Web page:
After all, the main problem of burning is that companies cannot bypass Gazprom to sell gas, and neither are they able to negotiate a price with the gas giant. As to competition, I would be cautious here, because the competition will be mainly between Gazprom and Rosneft, two state-owned companies. Nevertheless, basically, I think that having some sort of competition is better than none.
RD: Speaking of competition, you talked about the importance of entering new markets. Growing markets always lead to intensified competition, and this would include gas from the U.S.A. Will not Russia end up in the emerging markets, for example in Asia, where competition is even tougher than in Europe?
P.K.: Competition is increasing in all markets, including those very familiar to us, such as the European market. This is part of the gas revolution produced by LNG, and later supplemented with shale gas. Yet the prospects for Russia in the global markets, as a whole, are better than ever. Gas production in other countries (including the U.S.A.) is growing in step with growth in its global consumption. Moreover, not only in absolute terms, but also relative ones.
That is, the share of gas in the global energy mix is growing. The International Energy Agency predicts that within twelve years, gas will cover one quarter of global energy demand. For Russia, with its 23 percent of world gas reserves, this, we can say, is just what the doctor ordered! The only question is (and this is a very serious question): Can we take advantage of this opportunity?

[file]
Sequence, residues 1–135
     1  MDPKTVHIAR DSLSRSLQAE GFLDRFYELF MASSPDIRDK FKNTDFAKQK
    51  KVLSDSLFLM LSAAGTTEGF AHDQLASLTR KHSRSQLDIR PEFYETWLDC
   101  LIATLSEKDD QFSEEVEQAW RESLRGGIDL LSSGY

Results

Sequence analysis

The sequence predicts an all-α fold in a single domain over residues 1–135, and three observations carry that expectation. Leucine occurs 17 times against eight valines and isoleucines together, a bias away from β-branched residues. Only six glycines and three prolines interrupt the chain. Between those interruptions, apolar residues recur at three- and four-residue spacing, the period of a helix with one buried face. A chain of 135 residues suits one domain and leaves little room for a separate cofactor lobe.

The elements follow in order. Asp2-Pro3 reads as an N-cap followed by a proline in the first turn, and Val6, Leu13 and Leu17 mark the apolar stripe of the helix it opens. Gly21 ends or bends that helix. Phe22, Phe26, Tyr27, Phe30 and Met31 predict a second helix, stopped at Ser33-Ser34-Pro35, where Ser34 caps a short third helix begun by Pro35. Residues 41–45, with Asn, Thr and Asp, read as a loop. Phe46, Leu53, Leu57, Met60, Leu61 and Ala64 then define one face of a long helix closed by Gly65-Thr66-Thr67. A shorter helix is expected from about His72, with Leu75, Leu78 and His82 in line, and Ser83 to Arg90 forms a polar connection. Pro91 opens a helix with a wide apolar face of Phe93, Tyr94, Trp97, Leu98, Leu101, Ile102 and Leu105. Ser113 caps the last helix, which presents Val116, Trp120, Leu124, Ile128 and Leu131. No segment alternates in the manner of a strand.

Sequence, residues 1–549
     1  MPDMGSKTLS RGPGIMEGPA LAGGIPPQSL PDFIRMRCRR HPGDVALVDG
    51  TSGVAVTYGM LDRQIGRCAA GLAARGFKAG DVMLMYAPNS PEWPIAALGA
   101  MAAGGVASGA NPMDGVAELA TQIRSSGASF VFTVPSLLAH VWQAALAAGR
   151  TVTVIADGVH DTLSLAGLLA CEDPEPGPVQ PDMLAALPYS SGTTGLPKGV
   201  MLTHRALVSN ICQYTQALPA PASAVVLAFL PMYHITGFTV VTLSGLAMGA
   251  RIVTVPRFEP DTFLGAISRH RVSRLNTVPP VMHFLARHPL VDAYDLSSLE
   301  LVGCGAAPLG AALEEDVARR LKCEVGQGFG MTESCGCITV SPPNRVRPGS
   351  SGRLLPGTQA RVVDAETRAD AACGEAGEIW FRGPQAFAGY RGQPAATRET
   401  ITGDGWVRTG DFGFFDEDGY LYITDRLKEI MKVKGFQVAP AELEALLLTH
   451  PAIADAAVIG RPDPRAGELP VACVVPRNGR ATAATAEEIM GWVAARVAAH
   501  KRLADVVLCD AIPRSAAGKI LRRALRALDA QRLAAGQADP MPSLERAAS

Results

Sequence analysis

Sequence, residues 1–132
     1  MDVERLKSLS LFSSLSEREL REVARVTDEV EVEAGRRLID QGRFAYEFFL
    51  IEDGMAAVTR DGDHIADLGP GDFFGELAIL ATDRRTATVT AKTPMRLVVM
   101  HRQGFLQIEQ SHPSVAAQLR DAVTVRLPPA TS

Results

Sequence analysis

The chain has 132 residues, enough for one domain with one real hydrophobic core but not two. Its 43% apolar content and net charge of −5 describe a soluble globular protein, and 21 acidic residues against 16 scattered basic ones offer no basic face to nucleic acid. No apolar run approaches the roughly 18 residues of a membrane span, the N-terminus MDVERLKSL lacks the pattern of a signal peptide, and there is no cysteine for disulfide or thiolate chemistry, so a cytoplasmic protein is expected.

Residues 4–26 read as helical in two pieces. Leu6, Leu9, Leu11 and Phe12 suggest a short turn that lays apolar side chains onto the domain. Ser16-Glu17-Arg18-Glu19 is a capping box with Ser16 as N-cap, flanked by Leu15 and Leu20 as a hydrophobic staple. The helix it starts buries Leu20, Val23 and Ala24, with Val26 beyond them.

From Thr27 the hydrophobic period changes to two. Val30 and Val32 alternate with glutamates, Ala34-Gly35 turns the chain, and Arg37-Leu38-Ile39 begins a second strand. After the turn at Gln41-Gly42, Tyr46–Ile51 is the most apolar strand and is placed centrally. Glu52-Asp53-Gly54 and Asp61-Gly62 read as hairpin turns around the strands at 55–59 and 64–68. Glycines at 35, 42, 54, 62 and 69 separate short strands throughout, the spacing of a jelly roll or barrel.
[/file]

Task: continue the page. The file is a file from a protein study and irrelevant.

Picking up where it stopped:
I believe that, in principle, there is nothing impossible here. Look at Australia. It plans to triple the production of liquefied gas by 2020, reaching 80 million tons annually. Then there are the United States and Canada, where in the coming years they will build 20 LNG export terminals, with total capacity of 270 million tons annually!
Production of natural gas. Source: BP. Infographic by Natalia Mikhaylenko
RD: And all these are countries, in which gas reserves are substantially lower than those in Russia.
P.K.: Exactly! However, we must pay attention to another peculiarity here. They write a lot about the shale revolution, about the increase in the production of liquefied gas – but somehow one detail is overlooked. None of these countries has a “gas ministry” – not the U.S.A., not Canada and not Australia. In those countries, the state is not engaged in the production and sale of fuel.
In my opinion, this is one reason to think deeply about the structure of the industry and what and where it is more efficient. We must learn from the past, analyze the present and look into the future. As for the competition, one simply cannot avoid it anywhere today. However, as they say, nothing ventured, nothing gained! It is time to expand into new markets and raise the efficiency of this sector. This is a question of the future of our natural gas industry and, to a large extent, also the future of the Russian economy.